Ravel’s score is rich and ravishing, almost too sophisticated for the ribald tale it illuminates. Pappano paced it perfectly, allowing us to appreciate how deftly Ravel eases between genres — here the lilt of a pasodoble, now a jazzy syncopation, next a pulsing habanera. Ravel is just as capable of musical irony as Les Six, and just as adept at pastiche and parody as Stravinsky. This is a dense, detailed score, with castanets, tambour de basque and sarrusophone supplementing just a few of the sounds supplementing the large orchestral forces. Drawing exquisitely refined playing from the ROH orchestra, Pappano reined in the forces at his disposal, never overwhelming his singers, while allowing the details to serve the stage incident.

A chorus of show-girls joins the cast for the final number on lust and love, the dazzling glitz and glamour both darkly ironic and lushly entertaining: we heed the moral, while relishing the rollick.

SCHICCHI-209-BENGTSSON AS LAURETTA&ALLEN AS SCHICCHI-(C)PERSSON.pngMaria Bengtsson as Lauretta and Thomas Allen as Gianni Schicchi

Long overshadowed by its tragic partners in Puccini’s triptych Il Trittico, Gianni Schicci is a delicious satire on avarice. Buoso Donati’s death prompts an anxious search by his presumptuous but down-at-heel family for his will: locating it, Rinuccio demands permission to marry the peasant girl, Lauretta, in exchange for handing it to his aunt, Zita. All are distraught to discover that Buoso has left his fortune to a monastery, but Rinuccio assures them that there is someone who can help — Gianni Schicchi, Lauretta’s father. Impersonating first a doctor who declares Buoso revived, and then Buoso himself, Schicci conjures a plan to ensure his and the lovers’ future wealth and happiness, while the Donatis make greedy grabs for their inheritance, torn between their avarice and their social pretensions.

Jones gives us quite a dark reading of this score: the grimy, drab 1950s décor, complete with peeling wallpaper, broken television set and rusting radiators, certainly enhances the Donatis’ mood of desperation. The large cast, including children and farceurs, are expertly choreographed throughout, in an astoundingly detailed, meticulous staging which demonstrates both imagination and an intelligent responsiveness to Puccini’s score. Not a movement, gesture or facial expression is misplaced: manic it certainly is, but never messy.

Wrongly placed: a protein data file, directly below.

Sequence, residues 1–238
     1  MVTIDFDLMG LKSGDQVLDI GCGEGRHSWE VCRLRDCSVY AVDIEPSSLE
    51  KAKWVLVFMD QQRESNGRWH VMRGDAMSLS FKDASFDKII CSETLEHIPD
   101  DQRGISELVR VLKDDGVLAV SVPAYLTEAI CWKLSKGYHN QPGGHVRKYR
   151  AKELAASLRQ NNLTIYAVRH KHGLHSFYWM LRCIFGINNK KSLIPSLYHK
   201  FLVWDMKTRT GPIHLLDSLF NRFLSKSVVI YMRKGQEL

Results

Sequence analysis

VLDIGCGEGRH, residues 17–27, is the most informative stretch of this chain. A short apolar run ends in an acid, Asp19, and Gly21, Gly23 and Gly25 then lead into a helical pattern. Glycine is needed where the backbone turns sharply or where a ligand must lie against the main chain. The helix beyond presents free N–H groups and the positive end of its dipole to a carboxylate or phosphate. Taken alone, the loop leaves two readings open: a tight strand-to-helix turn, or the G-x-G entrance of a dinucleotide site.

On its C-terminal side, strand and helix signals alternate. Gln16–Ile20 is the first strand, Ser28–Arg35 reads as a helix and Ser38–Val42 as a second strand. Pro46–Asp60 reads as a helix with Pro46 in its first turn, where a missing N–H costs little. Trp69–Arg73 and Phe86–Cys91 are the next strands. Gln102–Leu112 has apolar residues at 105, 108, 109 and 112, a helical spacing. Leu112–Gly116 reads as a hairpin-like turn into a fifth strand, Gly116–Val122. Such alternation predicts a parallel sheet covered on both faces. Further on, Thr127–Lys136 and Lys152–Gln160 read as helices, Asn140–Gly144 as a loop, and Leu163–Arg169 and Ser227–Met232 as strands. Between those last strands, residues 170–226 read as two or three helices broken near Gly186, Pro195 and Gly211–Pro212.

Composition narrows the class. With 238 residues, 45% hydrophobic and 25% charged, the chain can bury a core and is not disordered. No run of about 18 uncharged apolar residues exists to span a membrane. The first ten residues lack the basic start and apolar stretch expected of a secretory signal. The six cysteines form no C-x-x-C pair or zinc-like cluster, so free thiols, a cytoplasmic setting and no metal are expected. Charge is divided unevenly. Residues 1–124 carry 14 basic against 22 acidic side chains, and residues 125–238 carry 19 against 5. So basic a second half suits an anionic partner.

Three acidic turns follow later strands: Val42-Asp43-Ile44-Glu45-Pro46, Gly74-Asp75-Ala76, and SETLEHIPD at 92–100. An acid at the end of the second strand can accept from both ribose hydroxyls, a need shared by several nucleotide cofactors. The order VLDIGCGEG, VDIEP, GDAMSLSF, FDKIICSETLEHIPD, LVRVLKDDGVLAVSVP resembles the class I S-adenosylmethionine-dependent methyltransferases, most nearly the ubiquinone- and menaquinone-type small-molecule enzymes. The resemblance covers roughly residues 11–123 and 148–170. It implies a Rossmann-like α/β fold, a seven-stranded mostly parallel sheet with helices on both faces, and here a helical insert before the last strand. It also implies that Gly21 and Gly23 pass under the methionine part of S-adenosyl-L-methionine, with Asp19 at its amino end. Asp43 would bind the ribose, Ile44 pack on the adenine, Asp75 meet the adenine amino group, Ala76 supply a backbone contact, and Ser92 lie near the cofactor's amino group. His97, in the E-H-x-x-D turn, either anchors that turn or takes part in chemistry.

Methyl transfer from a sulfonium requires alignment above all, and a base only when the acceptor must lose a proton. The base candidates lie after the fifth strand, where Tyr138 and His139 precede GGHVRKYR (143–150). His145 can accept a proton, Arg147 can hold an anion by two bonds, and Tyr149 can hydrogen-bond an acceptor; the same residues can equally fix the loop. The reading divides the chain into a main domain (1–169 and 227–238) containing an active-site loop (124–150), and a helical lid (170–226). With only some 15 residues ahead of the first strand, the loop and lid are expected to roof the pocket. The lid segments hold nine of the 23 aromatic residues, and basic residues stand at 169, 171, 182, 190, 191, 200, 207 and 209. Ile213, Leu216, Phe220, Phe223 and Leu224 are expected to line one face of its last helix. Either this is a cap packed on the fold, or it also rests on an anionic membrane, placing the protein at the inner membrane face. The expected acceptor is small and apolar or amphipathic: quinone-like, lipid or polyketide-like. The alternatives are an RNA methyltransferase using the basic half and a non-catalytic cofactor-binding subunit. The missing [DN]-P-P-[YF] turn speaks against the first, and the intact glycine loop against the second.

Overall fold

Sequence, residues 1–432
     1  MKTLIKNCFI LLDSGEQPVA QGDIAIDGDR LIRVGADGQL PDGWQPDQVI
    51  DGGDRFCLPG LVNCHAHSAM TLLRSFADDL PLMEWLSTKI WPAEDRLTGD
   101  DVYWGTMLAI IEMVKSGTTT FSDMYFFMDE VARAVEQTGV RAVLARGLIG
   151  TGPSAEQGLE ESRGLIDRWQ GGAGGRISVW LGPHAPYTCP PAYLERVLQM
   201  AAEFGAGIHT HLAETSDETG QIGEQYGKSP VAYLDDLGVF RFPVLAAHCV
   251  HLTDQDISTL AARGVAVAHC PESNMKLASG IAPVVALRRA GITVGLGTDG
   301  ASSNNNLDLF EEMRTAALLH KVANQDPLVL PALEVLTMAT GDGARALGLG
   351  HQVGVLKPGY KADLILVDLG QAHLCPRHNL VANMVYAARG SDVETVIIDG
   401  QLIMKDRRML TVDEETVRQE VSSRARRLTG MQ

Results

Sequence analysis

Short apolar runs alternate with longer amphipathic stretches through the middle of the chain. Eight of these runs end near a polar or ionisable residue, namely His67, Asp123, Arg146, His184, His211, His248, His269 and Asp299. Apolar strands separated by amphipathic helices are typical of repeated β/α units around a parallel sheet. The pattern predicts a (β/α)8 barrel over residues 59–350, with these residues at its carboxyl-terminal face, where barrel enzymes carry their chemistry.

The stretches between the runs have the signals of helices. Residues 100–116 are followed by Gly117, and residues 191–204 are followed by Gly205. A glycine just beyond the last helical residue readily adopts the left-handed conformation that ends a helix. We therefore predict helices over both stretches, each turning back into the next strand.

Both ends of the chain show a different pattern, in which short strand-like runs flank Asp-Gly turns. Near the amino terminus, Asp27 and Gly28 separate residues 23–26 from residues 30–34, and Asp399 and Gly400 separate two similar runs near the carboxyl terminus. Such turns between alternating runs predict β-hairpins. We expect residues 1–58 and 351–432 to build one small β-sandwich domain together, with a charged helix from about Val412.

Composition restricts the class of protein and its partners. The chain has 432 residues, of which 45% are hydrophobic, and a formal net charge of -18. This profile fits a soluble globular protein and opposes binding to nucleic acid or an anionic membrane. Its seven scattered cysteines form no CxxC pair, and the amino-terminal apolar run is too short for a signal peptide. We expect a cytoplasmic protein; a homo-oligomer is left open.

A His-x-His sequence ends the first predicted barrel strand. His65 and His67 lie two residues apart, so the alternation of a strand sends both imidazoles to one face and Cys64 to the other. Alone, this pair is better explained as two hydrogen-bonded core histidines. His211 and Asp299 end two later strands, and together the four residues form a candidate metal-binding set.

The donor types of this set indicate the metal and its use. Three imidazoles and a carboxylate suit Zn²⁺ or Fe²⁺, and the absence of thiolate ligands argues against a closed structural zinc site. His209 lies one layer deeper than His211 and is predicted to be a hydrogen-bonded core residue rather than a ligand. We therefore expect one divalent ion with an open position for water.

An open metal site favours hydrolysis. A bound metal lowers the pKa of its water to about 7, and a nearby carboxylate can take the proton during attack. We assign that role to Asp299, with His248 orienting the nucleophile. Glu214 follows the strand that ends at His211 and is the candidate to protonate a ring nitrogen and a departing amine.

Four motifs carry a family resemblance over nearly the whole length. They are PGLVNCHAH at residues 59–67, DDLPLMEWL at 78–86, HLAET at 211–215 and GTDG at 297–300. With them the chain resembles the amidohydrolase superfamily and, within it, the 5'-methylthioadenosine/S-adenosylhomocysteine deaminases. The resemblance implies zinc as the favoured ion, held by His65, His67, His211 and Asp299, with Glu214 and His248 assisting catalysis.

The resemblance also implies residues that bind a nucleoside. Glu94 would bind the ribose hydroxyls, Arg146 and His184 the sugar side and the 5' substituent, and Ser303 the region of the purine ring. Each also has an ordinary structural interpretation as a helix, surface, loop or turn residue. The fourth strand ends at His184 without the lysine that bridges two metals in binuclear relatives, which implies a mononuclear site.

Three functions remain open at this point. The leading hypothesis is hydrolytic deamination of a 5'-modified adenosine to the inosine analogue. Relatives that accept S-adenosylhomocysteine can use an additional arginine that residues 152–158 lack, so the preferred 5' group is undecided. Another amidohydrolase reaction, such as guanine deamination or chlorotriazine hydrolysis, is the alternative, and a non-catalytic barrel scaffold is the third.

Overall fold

The cast are uniformly superb — a convincing portrait of collective greed. Yet each character is fully individualised through gesture. This revival featured many of the original cast, and they clearly enjoyed themselves, musically and dramatically. Mezzo-soprano Elena Zilio was outstanding in the role of Aunt Zita, confident and controlled; while Gwynne Howell made for a distinguished Simone, the head of the grasping clan. They were matched by fine performances from Marie McLaughlin (La Ciesca), Jeremy White (Betto di Signa), Robert Poulton (Marco), Alan Oke (Gherardo) and Janis Kelly (a hand-bag swinging Nella).

SCHICCHI-374-(C)JOHAN PERSSON.pngFrom left to right: Jeremy White as Betto di Signa, Gwynne Howell as Simone, Janis Kelly as Nella, Elena Zilio as Zita, Marie McLaughlin as La Ciesca, Robert Poulton as Marco, Thomas Allen as Gianni Schicchi

The celebrated aria, ‘O mio babbino caro’, is probably the only number from this dazzling score which is familiar to many in the audience. Here, rather than stopping the show, it was expertly incorporated into the dramatic fabric. Maria Bengtsson charmed and delighted as Lauretta; her powerful, affecting rendition was aptly supported by Pappano, who shaped the phrases sensitively and eloquently. Bengtsson was ably partnered by the American tenor, Stephen Costello who, as the dashing, aspiring young lover, both looked and sounded the part, his ardent tenor ringing out warm and true. In the title role, Thomas Allen gave a typically consummate musical and dramatic performance.

These two stylish, clever stagings offer an evening of light mischief, musical charm and dramatic froth. Delicious — not to be missed.

Claire Seymour

Send to a friend

Send a link to this article to a friend with an optional message.

Friend's Email Address: (required)

Your Email Address: (required)

Message (optional):